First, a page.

Prayer: Dear Heavenly Father – Please encourage us to continue in our daily prayer (not just during Lent but all year long) and follow your example to us, that of humility and of hope. Grow our faith even stronger with your presence in our lives and through the Holy Spirit help us to never become discouraged. May our sincere and dedicated efforts at becoming more like you as we continue your work here in Hagerstown, our home base, be put to good use as you guide and direct us, a “believing” congregation, through this Lenten season, and through all seasons. Thank you always for our many blessings. As we fast, reflect and repent, forgive us our many sins and help us to grow your kingdom in a very troubled world, one day at a time, one shift at a time, one hour at a time. AMEN.

Lois Weil Kaufman

Thursday, February 18, 2016

“Come,” my heart says, “seek his face!” Your face, Lord, do I seek. Do not hide your face from me. Psalm 27:8-9

Psalm 27, which I now know has been christened “The “Triumphant Song of Confidence,” has been aptly and accurately entitled. Written by David, a former upstart, sinner, and warrior, who later went on to become king, these verses indeed reflect his new-found faith and glory in God Almighty.

He actively seeks the Lord’s “face,” and in fact pleads that the Lord’s face never be hidden from him. In other words, it would appear that David has discovered and realized the goodness and majesty of his God. Now, he fervently and enthusiastically beseeches God to always make his presence known and felt in his life.

David vows his confidence that he will never be forsaken or deserted by God. He exclaims out loud that he will “make melody, and sing unto the Lord.” He professes his belief that the Lord will “shelter him in his very own tent,” and will eventually “place him high on a rock.” David exudes confidence in his redeemer – and he is not the least bit shy in joyfully shouting it from the rooftops.

Prayer: Dear Blessed Savior, as we wend our way down this rocky path, remind us to continually seek out your “face” each and every day. When we hear the melodious quartet of cardinal, wren, catbird and dove, all at the same time, in the same dogwood. When we can look up gratefully at an impossibly azure-blue sky drenched with golden sunshine, the day after 30 inches of fallen snow. When we see that oh, so special look in our pet’s eyes that confirms they’ve rescued us. When a complete stranger makes our day, somehow. When we can belt out the first stanza of “Jesus Loves Me, This I Know,” completely out of the blue just because it feels so right. Please Lord, do not hide your face, and let us glimpse it daily in all things. Amen.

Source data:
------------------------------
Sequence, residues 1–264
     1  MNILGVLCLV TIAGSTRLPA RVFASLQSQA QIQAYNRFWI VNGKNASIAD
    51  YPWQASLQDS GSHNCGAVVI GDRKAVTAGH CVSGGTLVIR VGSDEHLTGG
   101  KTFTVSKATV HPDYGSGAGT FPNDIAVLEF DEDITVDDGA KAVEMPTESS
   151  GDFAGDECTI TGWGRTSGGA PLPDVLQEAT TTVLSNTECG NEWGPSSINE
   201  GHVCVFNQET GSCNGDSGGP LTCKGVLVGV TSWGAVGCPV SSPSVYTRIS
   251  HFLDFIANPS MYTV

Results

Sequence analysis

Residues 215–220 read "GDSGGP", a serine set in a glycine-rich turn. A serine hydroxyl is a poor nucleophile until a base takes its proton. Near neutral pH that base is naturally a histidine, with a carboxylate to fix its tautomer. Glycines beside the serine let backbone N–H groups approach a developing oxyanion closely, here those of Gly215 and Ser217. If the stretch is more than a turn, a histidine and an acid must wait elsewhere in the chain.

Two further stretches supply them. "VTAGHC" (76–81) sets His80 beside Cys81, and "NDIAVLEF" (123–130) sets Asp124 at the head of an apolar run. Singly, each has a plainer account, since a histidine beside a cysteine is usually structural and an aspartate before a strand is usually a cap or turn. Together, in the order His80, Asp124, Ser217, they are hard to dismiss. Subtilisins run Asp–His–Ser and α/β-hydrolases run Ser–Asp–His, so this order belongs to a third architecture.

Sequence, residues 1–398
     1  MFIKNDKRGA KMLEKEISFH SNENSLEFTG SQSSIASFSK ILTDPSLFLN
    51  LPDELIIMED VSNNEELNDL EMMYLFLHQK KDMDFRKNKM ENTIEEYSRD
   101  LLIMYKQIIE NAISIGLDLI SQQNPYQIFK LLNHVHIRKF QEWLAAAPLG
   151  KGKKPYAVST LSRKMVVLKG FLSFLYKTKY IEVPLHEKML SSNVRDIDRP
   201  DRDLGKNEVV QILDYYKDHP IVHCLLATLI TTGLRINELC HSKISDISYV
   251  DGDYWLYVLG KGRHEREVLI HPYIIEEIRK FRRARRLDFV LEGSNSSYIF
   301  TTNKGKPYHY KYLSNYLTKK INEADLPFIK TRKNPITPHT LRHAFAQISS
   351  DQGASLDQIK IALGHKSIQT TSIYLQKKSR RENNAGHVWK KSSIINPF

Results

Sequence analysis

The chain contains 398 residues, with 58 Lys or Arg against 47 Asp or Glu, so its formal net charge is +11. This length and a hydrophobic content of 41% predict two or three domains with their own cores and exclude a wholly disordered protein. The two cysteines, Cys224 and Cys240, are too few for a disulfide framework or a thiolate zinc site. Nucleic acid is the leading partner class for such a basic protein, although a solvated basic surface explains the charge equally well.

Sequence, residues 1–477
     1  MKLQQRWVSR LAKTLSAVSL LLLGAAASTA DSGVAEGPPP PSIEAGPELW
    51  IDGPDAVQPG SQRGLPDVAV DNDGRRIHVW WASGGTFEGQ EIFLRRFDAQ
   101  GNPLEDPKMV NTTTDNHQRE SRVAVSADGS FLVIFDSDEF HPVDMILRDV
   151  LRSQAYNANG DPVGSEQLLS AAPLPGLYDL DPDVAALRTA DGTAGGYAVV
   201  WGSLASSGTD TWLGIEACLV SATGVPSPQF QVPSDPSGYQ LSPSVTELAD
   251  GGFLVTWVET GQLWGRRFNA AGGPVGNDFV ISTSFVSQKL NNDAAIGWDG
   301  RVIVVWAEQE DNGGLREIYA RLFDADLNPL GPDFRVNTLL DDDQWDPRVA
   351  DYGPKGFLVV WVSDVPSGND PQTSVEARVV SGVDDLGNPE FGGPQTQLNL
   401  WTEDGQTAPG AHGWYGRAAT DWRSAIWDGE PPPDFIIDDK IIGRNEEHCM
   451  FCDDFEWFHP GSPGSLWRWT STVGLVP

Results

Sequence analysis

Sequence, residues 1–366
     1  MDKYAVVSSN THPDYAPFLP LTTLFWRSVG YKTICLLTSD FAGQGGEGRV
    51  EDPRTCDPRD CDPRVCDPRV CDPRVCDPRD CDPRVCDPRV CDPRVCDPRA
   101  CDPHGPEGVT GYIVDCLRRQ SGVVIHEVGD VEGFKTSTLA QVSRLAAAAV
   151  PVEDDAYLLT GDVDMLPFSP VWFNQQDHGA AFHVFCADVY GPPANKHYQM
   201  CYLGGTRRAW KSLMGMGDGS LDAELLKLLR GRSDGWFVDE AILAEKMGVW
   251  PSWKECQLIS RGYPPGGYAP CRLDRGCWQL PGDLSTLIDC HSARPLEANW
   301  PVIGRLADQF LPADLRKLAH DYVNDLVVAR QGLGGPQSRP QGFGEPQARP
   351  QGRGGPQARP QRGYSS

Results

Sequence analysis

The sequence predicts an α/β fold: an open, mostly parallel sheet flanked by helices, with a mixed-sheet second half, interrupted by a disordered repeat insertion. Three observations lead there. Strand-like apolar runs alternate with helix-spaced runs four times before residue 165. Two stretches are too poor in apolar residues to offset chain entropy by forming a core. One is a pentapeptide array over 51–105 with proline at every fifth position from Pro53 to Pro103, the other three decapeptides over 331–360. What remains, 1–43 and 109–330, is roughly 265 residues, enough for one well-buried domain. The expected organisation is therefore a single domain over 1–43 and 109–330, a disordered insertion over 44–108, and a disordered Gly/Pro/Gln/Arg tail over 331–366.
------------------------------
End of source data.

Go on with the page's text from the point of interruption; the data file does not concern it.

Stephen Lynn Meyers

Wednesday, February 17, 2016

He brought him outside and said, “Look toward heaven and count the stars, if you are able to count them.” Then he said to him, “So shall your descendants be.” Genesis 15:5

Abram (God later changed his name to Abraham), a descendant of Noah, grew up in an important city of the ancient world – he was probably well-educated. Even though God judged people quickly for sinning, most ignored him and continued to sin. Abram demonstrated his faith by his actions, but it was his belief in the Lord, not his actions alone that made him right with God. He trusted God and God made him this promise.

This meant leaving his home and friends and traveling to a new land where God promised to build a great nation from Abram’s family. He did as God asked, suffering through famine and hardships; many questions and concerns; always keeping God and his promise with him. He truly believed God’s promise – this trust made him right with God.

We, too, can learn from Abraham. We, too, must have that true faith, that trust, that relationship; confident that God is who he says he is and does what he says he will do. God created us and gives us all we have – our relationship with him is vital and gives us true purpose in life. Our actions alone will not be enough but when we have that true faith, our right actions will naturally follow.

Abraham’s faith and obedience made him the father of three religions – Judaism, Christianity and Islam- thus creating more descendants than can ever be counted.

Prayer: Dear Heavenly Father, Let us never forget your unconditional love for each one of us – keep us alert and obedient. In Jesus’ name, Amen.

Betty Roney

Tuesday, February 16, 2016

Sing to the Lord, bless his name; tell of his salvation from day to day. Psalm 96:2

In today’s world, it is easy for us to get wrapped up in our lives. Sports, work, school, society consume us. We start seeing less of people at church. We start hearing less about God in the world. Psalm 96 reminds us to praise him every day and in everything we do. I am very bad at creating habits and routines. This year, I challenged myself to read my devotional book every day. Like other resolutions, mine usually last a couple weeks and die off. Not this one. Reading my devotion for the day has reminded me to bless his name every day. It keeps God in my week longer than just Sunday morning. I want to challenge you, when Lent is over, to continue to reflect every day. Make a point to take time out of our busy days for him.

Prayer: God, please help me to be in the world and not of the world. When the world takes over my life, remind me you are there. You are what is most important. Amen.

Allison Grove